Every cinephile has those collection of moments that change everything, that convince them of a filmmaker’s prowess. I’ve had a few: the frogs falling in Magnolia; a mystical tiger perched in a tree, staring at Keng in Tropical Malady; that moment when Giulietta Masina looks directly into the camera, breaking the fourth wall, and cries at the end of Nights of Cabiria.
Those were all early memories for me, back when I was became addicted to movies. But just one year ago, when watching Wuthering Heights, I experienced something new, something that affected me in a completely different way. While all the moments listed above are, in my opinion, stunning images outside the context of the film, the moment in Wuthering Heights where Catherine and Heathcliff fight in the mud absolutely fucking captivated me.
The screenshots don’t do it justice (which I realize is a dumb thing to say, since I’m going to use a bunch of screenshots to try and capture the beauty of Andrea Arnold’s filmmaking). What sets this moment apart from any other film I’ve ever seen is the intense attention to human touch; just how visceral a simple, playful mud fight can be.
What makes the scene stand out is how seriously it’s taken. When Heathcliff squeezes Catherine’s hand, and she stares back at him with the strangest look that combines playfulness, sternness and trust, it really made me realize how important “space” is in the film—the space between characters physically, the space between characters mentally, and the space between characters societally. It’s a strangely uncomfortable moment where you can see young flirtation and pent-up frustration pouring out of the characters.
And then, after watching that scene, I realized that the “space” between characters only suddenly stood out because Andrea Arnold’s cinematic vision had finally taken hold of me. It was more than just some pretty image on a screen—the power of the mud fight and the sudden realization I had was the result of sensory overload. I felt like I was part of the picturesque, gloomy, grey haze that hovered over Heathcliff and Catherine; I could feel the isolation, as this spot in the field was clearly in the middle of nowhere; I could sense the frustration in Heathcliff as he gripped Catherine’s hand. This introduced a bestial quality to the characters that Arnold is now obsessed with, as is evident with her latest film, American Honey, which takes that “space” between humans to the next level by pairing the main character up with animals with a set of stunning shots throughout the film.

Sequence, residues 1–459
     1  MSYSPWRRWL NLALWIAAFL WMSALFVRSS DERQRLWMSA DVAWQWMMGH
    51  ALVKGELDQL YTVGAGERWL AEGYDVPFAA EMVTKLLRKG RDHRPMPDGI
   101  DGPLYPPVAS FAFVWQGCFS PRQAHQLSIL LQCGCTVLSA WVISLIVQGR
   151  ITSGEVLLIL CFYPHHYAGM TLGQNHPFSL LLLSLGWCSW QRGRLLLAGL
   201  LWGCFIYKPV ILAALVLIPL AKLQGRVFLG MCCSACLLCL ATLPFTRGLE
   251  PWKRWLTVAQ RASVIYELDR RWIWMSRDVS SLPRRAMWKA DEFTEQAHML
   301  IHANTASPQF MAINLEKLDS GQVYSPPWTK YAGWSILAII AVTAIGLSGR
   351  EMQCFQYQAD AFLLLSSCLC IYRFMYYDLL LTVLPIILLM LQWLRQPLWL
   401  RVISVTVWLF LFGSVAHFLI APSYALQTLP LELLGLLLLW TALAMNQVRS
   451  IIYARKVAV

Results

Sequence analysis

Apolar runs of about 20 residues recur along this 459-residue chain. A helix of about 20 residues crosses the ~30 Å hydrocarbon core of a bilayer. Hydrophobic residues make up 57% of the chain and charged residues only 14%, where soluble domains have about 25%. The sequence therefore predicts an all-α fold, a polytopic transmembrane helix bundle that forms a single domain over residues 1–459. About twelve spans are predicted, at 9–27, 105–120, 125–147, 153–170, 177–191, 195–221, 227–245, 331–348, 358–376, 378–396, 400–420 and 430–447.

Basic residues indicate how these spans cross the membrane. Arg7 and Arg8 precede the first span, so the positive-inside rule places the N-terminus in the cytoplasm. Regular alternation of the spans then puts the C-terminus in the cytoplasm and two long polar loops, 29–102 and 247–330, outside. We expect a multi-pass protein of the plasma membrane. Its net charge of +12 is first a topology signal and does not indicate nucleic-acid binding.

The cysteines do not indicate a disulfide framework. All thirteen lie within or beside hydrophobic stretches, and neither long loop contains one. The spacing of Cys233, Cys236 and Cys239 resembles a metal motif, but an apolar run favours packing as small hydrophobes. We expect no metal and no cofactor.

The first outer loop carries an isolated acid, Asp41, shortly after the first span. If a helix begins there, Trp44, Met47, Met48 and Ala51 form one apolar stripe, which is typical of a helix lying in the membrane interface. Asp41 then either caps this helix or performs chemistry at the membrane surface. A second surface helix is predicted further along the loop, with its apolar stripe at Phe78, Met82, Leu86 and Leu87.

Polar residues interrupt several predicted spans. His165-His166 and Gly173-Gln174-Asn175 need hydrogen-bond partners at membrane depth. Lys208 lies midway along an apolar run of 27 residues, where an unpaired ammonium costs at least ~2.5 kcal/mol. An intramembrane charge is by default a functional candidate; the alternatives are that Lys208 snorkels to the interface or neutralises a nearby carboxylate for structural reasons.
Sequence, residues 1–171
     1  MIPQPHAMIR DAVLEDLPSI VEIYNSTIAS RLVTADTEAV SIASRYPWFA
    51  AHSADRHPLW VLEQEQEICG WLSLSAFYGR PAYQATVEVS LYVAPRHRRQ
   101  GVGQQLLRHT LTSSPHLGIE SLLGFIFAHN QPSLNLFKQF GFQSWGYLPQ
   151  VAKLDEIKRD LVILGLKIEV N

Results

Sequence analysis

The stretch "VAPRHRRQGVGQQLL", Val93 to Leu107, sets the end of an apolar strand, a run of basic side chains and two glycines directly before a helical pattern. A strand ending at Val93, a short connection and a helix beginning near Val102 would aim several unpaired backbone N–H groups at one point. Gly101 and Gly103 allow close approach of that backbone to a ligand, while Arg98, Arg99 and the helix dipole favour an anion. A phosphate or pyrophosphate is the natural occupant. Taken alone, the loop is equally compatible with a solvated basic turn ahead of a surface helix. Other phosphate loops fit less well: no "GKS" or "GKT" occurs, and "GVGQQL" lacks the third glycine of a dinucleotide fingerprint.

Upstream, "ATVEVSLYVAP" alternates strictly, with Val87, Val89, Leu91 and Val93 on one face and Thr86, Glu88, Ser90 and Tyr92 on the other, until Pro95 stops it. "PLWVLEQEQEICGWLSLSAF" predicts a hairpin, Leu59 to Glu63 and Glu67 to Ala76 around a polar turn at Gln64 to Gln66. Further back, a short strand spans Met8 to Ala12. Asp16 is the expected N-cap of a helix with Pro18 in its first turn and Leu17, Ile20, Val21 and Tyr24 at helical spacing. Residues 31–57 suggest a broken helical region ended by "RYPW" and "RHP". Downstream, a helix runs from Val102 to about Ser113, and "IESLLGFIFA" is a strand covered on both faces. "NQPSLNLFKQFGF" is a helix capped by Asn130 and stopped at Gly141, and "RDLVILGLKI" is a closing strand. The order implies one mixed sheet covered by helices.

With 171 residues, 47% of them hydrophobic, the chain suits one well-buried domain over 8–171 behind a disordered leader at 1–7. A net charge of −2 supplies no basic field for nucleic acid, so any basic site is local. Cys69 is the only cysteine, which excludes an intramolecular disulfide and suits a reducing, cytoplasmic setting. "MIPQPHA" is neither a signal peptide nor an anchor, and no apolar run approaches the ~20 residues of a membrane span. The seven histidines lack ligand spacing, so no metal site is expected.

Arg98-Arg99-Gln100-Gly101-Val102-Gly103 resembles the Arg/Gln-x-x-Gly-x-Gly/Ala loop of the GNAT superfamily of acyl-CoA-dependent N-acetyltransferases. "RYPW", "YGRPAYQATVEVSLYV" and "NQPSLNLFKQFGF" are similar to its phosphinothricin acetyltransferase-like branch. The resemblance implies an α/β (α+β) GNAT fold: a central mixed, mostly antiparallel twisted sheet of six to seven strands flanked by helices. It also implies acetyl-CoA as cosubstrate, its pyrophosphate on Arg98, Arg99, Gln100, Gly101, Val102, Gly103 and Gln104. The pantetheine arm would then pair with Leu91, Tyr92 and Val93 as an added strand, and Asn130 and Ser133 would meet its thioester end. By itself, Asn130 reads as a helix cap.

Arnold’s journey from her first film, which depicts the main character’s separation from society in a straightforward manner, to the above shot, which cinematically captures the character’s connection with nature and disconnect with society, is a breathtaking, visual journey. To me, Arnold’s entire career has been building to the shot of that bear—it’s the culmination of her cinematic vision for characters.
Arnold’s progression as a filmmaker shows how attentive she came to be with the physical and emotional space between characters, constantly capturing it and displaying it poetically. She was able to bring this mud fight to life in Wuthering Heights for me by focusing on every seemingly minor, inconsequential moment of the tussle and dragging it out, forcing the viewer to experience the discomfort as it set in. After that, I didn’t just look at Arnold’s movies differently, but I started looking at all movies differently. I now crave that raw, visceral depiction of humans; that sensory overload.